Loadshedding is hitting business in the popular suburb of Sea Point on the Cape Peninsula very hard.
The Stage 4 scheduled times are effecting both the lunch and supper services of the more than 70 restaurants in the area.
La Perla is a family-run Italian restaurant. Manager Ritesh Sewsunker says, “The guests are not allowed to order everything off the menu and I mean there’s crucial items that can’t be served. I mean you can’t serve coffee for instance; certain cocktails with the blenders. The kitchen’s unable to make certain items. So, that has made a major impact on guests that frequent the restaurant.”
Sea Point attracts many tourists who would have encountered closed doors and darkened streets when they could be spending their hard currency. But its not only restaurants that suffer.
Other small enterprises like hairdressers pay exorbitant rent but sit and twiddle their fingers during loadshedding.
Waitrons at the restaurant say loadshedding has affected their pockets. They say they are working twice as hard but for less money.
“We’ve got less business and it affects us also on our tips as waiters and as workers here at La Perla.”
Sea Point is a mecca for tourists with a hungry tummy. It boasts more than 70 restaurants. But with loadshedding happening between 12:00-14:30 & 20:00-22:30 lunch and supper revenues are taken out.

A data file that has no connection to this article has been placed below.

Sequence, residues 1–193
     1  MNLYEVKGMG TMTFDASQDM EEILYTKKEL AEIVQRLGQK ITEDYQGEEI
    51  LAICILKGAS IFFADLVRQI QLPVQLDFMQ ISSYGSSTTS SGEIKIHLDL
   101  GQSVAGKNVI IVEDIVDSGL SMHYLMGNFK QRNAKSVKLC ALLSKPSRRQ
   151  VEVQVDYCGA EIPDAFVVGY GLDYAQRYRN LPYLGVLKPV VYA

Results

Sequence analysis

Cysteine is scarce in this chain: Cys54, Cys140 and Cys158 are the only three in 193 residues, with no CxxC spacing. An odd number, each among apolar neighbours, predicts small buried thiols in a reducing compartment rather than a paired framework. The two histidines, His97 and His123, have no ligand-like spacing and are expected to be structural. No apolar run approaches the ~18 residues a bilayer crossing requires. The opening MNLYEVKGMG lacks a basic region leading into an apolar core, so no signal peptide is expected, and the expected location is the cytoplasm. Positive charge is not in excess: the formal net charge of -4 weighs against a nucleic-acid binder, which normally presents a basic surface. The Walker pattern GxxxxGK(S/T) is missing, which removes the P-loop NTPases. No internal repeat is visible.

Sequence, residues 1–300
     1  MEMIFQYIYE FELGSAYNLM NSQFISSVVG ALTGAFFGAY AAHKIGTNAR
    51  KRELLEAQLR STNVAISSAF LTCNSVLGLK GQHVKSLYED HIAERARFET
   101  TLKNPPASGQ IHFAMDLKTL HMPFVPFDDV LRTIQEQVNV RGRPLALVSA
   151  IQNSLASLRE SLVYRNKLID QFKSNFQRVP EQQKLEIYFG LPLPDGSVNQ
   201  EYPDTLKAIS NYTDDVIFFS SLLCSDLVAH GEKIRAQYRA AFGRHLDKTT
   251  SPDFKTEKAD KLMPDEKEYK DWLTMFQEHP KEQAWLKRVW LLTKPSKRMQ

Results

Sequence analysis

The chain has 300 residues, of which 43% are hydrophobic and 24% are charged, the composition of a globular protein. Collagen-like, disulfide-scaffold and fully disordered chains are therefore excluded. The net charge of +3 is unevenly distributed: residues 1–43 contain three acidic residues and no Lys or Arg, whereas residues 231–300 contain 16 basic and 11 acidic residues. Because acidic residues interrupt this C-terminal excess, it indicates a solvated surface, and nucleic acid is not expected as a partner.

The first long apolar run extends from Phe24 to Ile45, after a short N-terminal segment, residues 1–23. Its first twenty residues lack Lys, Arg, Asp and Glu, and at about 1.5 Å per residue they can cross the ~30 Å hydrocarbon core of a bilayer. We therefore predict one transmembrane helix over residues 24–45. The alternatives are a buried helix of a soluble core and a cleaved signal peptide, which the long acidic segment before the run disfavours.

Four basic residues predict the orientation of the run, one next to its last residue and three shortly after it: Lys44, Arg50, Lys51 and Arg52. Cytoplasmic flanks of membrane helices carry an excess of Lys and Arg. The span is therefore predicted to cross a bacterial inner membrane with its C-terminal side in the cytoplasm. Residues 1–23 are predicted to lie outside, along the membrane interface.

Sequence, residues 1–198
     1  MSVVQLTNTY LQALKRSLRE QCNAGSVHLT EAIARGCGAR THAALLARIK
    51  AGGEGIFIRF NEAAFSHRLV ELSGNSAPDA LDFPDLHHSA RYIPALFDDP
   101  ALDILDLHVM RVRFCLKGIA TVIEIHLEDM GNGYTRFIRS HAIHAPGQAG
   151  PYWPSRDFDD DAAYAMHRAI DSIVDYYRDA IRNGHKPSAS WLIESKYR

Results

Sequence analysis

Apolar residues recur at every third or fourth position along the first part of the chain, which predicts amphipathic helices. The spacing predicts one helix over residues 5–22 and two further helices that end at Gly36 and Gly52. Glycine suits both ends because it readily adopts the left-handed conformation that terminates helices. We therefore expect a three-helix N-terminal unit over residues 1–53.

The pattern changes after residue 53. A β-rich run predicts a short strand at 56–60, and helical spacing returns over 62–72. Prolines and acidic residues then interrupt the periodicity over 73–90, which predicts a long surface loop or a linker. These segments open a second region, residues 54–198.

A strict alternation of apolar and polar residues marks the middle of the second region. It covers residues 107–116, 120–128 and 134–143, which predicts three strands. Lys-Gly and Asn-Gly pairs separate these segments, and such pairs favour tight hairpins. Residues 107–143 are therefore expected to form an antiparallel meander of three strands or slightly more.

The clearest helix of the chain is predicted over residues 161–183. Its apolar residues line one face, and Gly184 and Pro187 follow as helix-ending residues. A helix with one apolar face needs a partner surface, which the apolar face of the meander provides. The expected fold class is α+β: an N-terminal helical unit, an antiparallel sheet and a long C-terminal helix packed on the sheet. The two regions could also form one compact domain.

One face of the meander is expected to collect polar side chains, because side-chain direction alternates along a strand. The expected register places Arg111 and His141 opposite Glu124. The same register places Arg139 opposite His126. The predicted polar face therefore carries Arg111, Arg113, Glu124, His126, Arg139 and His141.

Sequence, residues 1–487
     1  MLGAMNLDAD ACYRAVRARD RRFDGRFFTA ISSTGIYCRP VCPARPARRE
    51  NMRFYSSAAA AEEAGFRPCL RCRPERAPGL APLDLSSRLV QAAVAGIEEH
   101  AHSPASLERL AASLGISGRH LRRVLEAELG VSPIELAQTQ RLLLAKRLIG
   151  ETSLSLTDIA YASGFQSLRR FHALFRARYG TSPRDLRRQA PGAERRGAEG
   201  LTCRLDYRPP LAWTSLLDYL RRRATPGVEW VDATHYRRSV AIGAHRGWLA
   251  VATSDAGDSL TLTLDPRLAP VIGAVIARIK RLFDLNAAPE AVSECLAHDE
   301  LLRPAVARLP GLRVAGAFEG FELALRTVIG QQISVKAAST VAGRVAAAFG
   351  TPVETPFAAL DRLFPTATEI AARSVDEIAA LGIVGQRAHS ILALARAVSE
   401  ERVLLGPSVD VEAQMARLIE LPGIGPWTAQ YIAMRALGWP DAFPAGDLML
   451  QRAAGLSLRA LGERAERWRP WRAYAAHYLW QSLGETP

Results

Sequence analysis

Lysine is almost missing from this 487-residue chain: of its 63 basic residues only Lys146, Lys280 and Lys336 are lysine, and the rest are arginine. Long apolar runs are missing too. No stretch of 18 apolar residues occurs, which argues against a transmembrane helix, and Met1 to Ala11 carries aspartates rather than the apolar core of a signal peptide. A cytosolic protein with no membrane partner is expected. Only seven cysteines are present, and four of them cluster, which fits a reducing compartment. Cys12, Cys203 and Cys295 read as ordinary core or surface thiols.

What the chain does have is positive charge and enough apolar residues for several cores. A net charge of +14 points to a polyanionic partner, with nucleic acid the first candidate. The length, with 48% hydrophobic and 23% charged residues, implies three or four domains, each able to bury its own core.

Food is often prepared in advance and will spoil if not consumed.
Waiters earn most of their income from tips.
Meanwhile, the V&A Waterfront in Cape Town says ongoing loadshedding has a minimal effect on shoppers and trading at the mall.
Waterfront spokesperson, Donald Kau, says their back-up generators provide enough power for operations to continue as normal during loadshedding.
“We’ve been able to trade as normal, using our backup generators to come on when the load shedding happens. So we’ve really seen very little impact across the shopping as well as most of our restaurants and shopping areas.”
No plan to implement stage 5 and 6
Eskom says it’s focused on reducing the loadshedding schedule and there are currently no plans to implement stage 5 and stage 6 loadshedding.
South Africans have been experiencing stage 4 loadshedding since Saturday.
The embattled power utility says the current power problems are a result of Cyclone Idai which has gripped Mozambique as well as maintenance issues at various power plants.
South Africa imports some electricity from Mozambique. Eskom Acting Head of Generation, Andrew Etzinger says they are confident that they can manage the current situation.